Today was filled with connecting with people. I packed up camp and rode around the lake about a half mile to the little grocery store/gas station in town.
I went in to get some chocolate milk and got into a conversation with the two ladies working the counter. Upon learning I was a school superintendent they proceeded to tell me about all their local school politics and challenges they face as a rural community. It is very hard for them to get staffing and resources they need.
I got on the road and pedaled through the rolling hills of the Camas Prairie.
I passed through the town of Craigmont and did not see a soul. It was a Sunday morning and everything was shut down- everything. I was hoping to grab something to eat, but nothing was open. I did see a really cool gas station with the old style pumps.
It was an exciting descent of a couple thousand vertical feet down to Kamia- about 8 miles of 35+mph. As I dropped elevation the temperature started going up. I stopped at a cafe for lunch and had a great conversation with a couple who home schooled their son. He is now a welder and doing well. We talked about the need for people in the trades as well as academia. I shared a little about our program at LCS and they took a postcard to follow the tour.
A couple Cowboys that heard our conversation then approached me and we talked a little more about Christian education. They invited me to a rodeo going on in Kooksia, about 7 miles down the route I was taking. So next thing you know, a half hour later I’m sitting in my Lycra in the stands with a whole crowd in jeans and cowboy hats, watching barrel racing. Everyone was super friendly and I had a great time.
I started up the 100 mile long canyon that eventually leads to Lolo Pass and Montana and promptly lost cell service. The road is built right along the Clearwater River and the only sounds you here are the rushing water, birds, and the passing vehicles. The shoulder is narrow in places and I had to ride alertly.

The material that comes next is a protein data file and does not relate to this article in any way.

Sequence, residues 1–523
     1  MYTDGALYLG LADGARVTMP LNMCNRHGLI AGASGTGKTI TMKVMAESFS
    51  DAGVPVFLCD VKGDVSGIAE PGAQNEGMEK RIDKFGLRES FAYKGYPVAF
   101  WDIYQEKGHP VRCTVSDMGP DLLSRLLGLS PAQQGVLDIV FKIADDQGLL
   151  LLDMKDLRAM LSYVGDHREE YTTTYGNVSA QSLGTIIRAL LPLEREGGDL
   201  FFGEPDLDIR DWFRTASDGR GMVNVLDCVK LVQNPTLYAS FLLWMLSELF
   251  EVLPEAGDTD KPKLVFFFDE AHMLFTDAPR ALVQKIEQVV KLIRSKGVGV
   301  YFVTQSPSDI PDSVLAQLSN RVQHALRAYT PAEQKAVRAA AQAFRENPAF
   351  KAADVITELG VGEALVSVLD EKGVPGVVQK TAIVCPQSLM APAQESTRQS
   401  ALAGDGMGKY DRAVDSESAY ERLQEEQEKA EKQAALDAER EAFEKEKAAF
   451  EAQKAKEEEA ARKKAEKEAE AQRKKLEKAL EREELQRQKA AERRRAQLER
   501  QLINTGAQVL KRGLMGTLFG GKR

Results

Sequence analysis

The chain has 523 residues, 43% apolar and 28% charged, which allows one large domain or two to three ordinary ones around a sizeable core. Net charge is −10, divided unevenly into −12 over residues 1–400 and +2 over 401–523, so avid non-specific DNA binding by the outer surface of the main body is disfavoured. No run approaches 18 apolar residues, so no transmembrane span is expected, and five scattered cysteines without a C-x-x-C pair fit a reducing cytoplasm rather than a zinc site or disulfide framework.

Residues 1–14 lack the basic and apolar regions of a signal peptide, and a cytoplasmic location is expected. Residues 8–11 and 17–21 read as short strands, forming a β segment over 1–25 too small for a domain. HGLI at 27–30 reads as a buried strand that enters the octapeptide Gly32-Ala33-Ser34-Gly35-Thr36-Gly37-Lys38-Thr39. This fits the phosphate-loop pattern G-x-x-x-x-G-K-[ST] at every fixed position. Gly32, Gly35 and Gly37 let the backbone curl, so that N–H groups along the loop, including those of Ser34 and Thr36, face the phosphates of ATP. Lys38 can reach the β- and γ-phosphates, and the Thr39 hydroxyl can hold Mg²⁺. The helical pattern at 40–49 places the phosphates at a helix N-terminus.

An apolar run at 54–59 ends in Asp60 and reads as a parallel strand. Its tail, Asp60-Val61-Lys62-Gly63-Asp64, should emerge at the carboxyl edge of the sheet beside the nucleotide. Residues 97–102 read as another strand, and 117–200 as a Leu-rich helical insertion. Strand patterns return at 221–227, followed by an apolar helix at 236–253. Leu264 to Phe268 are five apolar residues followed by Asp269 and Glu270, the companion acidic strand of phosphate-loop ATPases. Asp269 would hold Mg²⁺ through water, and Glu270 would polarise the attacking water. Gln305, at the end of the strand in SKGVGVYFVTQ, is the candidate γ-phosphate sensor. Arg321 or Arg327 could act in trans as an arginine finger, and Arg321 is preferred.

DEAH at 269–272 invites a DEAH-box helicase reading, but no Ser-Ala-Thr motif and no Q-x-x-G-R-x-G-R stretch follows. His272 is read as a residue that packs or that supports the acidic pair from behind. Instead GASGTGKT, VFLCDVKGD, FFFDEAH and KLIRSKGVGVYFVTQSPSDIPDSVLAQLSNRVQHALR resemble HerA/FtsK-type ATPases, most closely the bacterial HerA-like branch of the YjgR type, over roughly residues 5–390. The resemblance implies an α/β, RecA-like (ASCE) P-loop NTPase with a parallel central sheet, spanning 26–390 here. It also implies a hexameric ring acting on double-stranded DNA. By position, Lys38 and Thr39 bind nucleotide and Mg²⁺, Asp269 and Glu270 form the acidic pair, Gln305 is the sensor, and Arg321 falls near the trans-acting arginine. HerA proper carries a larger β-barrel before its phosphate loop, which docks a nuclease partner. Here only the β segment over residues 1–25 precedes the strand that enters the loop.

The scenery is gorgeous and as I climb in elevation it becomes full evergreen forest. As I was cruising along, I heard another bicycle come up on me very quickly- and a voice with an accent says, “Hi! How are you? It’s beautiful out here, yeah?” He was racing in the 2016 TransAm Race, a self-contained, unsupported ride from Astoria OR toYorktown VA. These folks ride 20-22 hours per day and cross the county in like 16 days- on a bicycle. Unfortunately, he had a major mechanical issue and was stopped for 3 days in Southern Idaho waiting for parts. So, now being in last place, he decided to enjoy the trip across the country, dialing back from 200+ miles per day to “only” 150 or so. After a quick “safe travels” he quickly disappeared into the distance.
The place I planned to stop for the night had a sign out front that said they had converted from a campground to a “resort” and no longer had campsites- only cabins. So knowing I had a little ways to go I stopped at the next cafe I came to to fuel up. I sat down at a table and about 10 minutes later a couple came in, looked around, and approached me and asked if they could join me for dinner! Bonnie Jean is 82 and Forrest is 79, and they are on a road trip to Great Falls.
They have traveled around the world on multiple Rhodes Scholar trips, educational and history ventures. They shared stories about Iceland, Isreal, Australia, and all around the US. Forrest was a pretty good mountaineer/climber and attempted Mt Everest and climbed with Royal Robbins, one of the pioneers of big wall climbing in Yosemite National Park. After saying goodbye, I hit the road for another 10 miles or so upstream until I found the Apgar Campground. I’ve set up in a great site under the trees and with the rushing water of the river drowning out any traffic noise from the road a couple hundred yards away.